KJIPUKTUK (Halifax) – 41,370 children, one in four, live in poverty in Nova Scotia. For children under six that number is actually almost one in three! Child poverty rates among racialized families and residents of First Nations in Nova Scotia are even higher.
Nova Scotia continues to have the highest rate of child poverty in Atlantic Canada, a rate that actually increased by close to 2 percent in 2019 relative to the previous year. In Canada only Saskatchewan and Manitoba have slightly higher rates. Since 1989 there has been less than 1% reduction in child poverty in our province.
Yet, in the upcoming provincial election these devastating statistics hardly cause a ripple. It didn’t really come up in the debate, and that silence isn’t a new phenomenon.
A group of teachers and allies affiliated with the group Educators for Social Justice (ESJ) called an online press conference this morning to once again try to raise the child poverty profile that it so clearly deserves.
“Teachers are witness to the effects of child poverty all year long, and it’s on the top of our minds all year long. One of our goals today is to push this issue back to the forefront,” said Angela Wyllie, an elementary teacher in the Annapolis Valley.
“Children cannot learn if they are very hungry, if they are worried about coming home and wondering if someone is going to be there to look after them. Our kids’ basic human needs need to be met, in order for them to be able to learn, that only makes sense,” she said.
“The growing poverty rate needs to be an election agenda item for all of us. We have the solutions. We have the recommendations. We just need the political will to actually implement these things. And it is saddening and disgusting really, that it hasn’t happened already,” Wyllie said.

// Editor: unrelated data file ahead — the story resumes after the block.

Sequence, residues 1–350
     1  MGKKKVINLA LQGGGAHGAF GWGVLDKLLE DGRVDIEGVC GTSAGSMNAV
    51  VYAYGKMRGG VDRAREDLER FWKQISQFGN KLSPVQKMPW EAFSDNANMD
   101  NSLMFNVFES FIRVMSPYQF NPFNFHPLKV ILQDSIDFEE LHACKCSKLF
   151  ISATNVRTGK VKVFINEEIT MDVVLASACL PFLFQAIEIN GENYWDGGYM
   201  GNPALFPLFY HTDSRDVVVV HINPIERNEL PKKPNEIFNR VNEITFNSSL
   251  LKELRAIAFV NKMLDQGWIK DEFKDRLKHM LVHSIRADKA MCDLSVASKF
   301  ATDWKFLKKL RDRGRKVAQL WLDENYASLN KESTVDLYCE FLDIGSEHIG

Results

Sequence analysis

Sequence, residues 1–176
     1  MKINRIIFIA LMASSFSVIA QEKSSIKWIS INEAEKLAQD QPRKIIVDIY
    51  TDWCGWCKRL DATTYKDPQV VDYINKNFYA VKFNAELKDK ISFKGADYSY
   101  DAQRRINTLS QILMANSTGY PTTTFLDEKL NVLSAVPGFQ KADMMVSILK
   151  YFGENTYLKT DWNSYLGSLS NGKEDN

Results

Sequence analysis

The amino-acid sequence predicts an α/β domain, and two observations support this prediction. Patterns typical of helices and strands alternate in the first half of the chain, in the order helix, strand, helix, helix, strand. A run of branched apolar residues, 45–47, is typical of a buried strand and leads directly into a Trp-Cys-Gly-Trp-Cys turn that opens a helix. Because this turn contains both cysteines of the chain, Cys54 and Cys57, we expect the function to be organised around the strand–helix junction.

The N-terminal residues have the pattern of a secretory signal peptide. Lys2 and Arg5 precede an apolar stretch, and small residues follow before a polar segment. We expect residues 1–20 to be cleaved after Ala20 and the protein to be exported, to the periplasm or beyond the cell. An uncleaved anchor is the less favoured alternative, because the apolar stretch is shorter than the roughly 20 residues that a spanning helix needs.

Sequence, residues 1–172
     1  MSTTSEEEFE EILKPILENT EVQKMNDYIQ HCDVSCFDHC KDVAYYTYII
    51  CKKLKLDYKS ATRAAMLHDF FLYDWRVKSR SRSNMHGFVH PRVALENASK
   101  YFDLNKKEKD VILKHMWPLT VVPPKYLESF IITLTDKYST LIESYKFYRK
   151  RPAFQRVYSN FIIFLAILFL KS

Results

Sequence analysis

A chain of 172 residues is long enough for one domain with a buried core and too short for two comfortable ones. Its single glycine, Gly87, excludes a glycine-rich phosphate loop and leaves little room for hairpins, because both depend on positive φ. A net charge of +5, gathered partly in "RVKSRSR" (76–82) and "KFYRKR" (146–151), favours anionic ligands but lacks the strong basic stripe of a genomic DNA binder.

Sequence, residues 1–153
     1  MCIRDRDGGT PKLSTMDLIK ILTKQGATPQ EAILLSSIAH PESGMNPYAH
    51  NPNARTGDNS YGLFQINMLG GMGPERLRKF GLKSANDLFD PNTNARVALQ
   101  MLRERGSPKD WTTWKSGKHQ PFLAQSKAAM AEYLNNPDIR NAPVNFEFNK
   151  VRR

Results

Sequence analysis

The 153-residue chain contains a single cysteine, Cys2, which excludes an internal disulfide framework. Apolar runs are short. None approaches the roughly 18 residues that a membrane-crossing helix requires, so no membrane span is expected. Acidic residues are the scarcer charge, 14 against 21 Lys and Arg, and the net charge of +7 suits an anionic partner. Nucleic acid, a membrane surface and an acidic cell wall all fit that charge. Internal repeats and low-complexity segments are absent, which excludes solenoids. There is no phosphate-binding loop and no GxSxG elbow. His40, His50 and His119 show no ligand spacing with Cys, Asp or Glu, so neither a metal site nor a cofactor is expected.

High school teacher Diane Lewis added her voice. Lewis teaches in Cape Breton, one of the areas where child poverty is particularly prominent.
“When you grow up here in Cape Breton, poverty is something that you understand from your childhood. And as teachers we definitely see the effects of poverty, and how that takes away opportunities from children, because their families are struggling to just do the very basic things for them. It takes away a lot of children’s confidence, and even their mental and physical health can be affected by poverty,” Lewis said.
In its press release ESJ is drawing attention to 11 recommendations from the most recent annual report on child poverty, published by the Nova Scotia chapter of the Canadian Centre for Policy Alternatives (CCPA).
That report is calling for measures such as raising welfare and employment support rates, increase (and index to inflation) the Nova Scotia Child Benefit, fund full-day and full year affordable daycare, increase minimum wage to $15, and more.
Dr. Lesley Frank, one of the perennial authors of that annual child poverty report also spoke at the press conference.
Things are only getting worse, Dr. Frank cautioned.
“The income statistics contained in our last report are from 2018, and they were released late last summer. There is new data that has just this week come out, which will be in our next report. What we’re confident in saying is that low income families are experiencing greater hardship now,” she said.
“Nova Scotia is continuing to leave its most marginalized children behind. This needs to be an election agenda item. I urge my neighbours to ask questions at the door about what their candidates will be doing to address it.”
Alec Stratford, executive director, Nova Scotia College of Social Workers, emphasized the need to take political action and start implementing the report’s recommendations.
As the child poverty report card points out, there are 11 recommendations, all of which have been studied and researched. They are not unachievable, we are not a poor province, we can do them,” Stratford said.
“What it takes is moral courage. Not just the moral courage of our politicians to make these decisions. We also need the moral courage of all Nova Scotians to vote for the policies that will change the current environment,” Stratford said.
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